Because of their tremendous holding power and their quality of being easily removed and reused, screws are a common type of fastener. There are, however, other fasteners possessing great holding power. Some are almost impossible to remove once they are installed, but there may not be a requirement that they are removable. Sometimes the permanent nature of a fastener is its most appealing feature. Some alternatives to screws might prove useful.
Pegs and Dowels
If you build a piece of furniture and do not wish to have exposed fasteners, dowels are an ideal solution. Furniture dowels are small wooden pegs that are inserted into matching flat-bottomed holes. Their diameter is usually slightly larger than the holes they are tapped into, and their holding power can be further augmented by adding wood glue. Fine furniture pieces, such as a walnut dining table, most likely have joints secured with dowels. For traditional post-and-beam construction, large, round wooden pegs are driven through the mortise-and-tenon joints. Made of maple or oak, they can last for centuries. Classic Amish barn construction is an example of the use of this type of joinery. Pegs also can used to fasten hardwood floor planking.
Nails are an excellent alternative to screws. Ribbed or spiral nails have incredible holding power and never work their way loose. If you install porcelain insulators on a pasture post, double-headed nails can be substituted for screws. Unlike an ordinary nail, a double-headed nail is easily removed with a claw hammer or crowbar. If you install tongue-and-groove planking, finishing nails driven diagonally into the groove provide plenty of holding power while remaining concealed from view. In marine applications such as wooden boat building, copper or bronze nails are sometimes used instead of screws.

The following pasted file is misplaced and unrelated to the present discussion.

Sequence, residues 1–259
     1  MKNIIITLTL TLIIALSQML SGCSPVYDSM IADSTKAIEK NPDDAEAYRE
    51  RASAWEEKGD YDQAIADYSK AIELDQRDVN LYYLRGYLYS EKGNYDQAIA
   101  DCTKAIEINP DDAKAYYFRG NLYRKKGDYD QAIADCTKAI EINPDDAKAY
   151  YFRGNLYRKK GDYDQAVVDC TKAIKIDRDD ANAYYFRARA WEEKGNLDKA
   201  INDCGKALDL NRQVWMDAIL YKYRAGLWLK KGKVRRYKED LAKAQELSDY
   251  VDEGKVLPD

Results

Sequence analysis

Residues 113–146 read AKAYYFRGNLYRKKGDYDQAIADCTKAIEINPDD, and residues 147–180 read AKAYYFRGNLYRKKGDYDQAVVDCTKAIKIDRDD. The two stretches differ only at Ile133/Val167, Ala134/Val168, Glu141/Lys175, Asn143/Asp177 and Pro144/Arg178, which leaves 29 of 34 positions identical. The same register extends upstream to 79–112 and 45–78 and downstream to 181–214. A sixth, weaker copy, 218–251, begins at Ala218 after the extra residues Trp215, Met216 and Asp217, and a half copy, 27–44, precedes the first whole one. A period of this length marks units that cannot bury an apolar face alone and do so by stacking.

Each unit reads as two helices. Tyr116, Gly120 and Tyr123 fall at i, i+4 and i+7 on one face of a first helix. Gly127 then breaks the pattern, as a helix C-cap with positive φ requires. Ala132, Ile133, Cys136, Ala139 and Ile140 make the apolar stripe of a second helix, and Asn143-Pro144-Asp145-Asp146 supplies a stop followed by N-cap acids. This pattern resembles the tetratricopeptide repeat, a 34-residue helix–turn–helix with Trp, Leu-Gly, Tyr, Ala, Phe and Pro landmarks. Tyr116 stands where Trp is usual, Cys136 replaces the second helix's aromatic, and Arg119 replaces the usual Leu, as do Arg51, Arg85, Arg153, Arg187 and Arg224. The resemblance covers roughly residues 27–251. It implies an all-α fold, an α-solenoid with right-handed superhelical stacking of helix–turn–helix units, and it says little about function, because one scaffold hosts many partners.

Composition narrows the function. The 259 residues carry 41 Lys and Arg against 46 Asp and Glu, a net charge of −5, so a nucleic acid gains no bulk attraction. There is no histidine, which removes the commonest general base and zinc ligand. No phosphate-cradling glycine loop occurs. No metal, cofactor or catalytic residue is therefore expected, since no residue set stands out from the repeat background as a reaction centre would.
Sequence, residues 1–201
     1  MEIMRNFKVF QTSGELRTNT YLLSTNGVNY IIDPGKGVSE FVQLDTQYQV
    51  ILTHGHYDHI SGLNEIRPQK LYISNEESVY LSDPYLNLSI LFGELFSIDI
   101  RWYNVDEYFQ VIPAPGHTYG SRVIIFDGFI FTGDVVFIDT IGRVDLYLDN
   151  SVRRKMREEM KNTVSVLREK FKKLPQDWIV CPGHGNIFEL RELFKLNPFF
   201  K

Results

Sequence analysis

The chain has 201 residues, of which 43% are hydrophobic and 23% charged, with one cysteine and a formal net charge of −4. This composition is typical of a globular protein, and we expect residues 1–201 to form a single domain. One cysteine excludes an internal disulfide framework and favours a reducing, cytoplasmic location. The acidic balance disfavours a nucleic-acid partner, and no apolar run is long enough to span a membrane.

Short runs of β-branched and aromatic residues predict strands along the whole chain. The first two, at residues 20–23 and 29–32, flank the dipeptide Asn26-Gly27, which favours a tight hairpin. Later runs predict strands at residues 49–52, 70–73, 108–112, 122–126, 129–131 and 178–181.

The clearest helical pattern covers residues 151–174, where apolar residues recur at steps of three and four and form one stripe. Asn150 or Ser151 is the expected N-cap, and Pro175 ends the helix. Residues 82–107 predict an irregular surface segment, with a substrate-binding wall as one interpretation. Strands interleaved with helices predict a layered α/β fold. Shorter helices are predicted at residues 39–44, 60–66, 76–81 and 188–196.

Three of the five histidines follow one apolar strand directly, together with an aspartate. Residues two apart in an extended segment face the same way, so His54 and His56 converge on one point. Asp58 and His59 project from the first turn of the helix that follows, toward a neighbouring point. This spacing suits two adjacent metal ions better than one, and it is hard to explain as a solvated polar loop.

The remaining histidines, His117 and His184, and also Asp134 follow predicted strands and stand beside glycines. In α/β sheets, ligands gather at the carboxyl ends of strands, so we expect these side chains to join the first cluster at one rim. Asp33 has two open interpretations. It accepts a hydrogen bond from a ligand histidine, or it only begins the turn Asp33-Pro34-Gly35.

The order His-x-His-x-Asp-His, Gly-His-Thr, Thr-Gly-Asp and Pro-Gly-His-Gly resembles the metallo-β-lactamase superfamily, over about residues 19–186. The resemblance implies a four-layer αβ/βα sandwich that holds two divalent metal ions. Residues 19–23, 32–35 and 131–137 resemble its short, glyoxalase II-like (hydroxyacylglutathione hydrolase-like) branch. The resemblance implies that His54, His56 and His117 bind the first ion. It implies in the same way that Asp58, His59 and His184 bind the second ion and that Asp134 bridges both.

Bolts and Rivets
For metal-to-metal fastening, bolts are another common alternative to screws. Bolts can be inserted into threaded holes, or they may be secured in place using lock washers and nuts. Carriage bolts are frequently used in barn and deck construction. Like screws, they are removable and can be reused later if needed. If you build a very large wooden structure, such as a bridge, long sections of threaded rod may be preferable to screws. For joining thin metal sheets together, rivets can be an attractive alternative. Most aluminum boats, canoes and aircraft fuselages are held together in this manner.
Every fastener has its strong points and weaknesses. Let the nature of your project and the materials you use determine your choice of fasteners.
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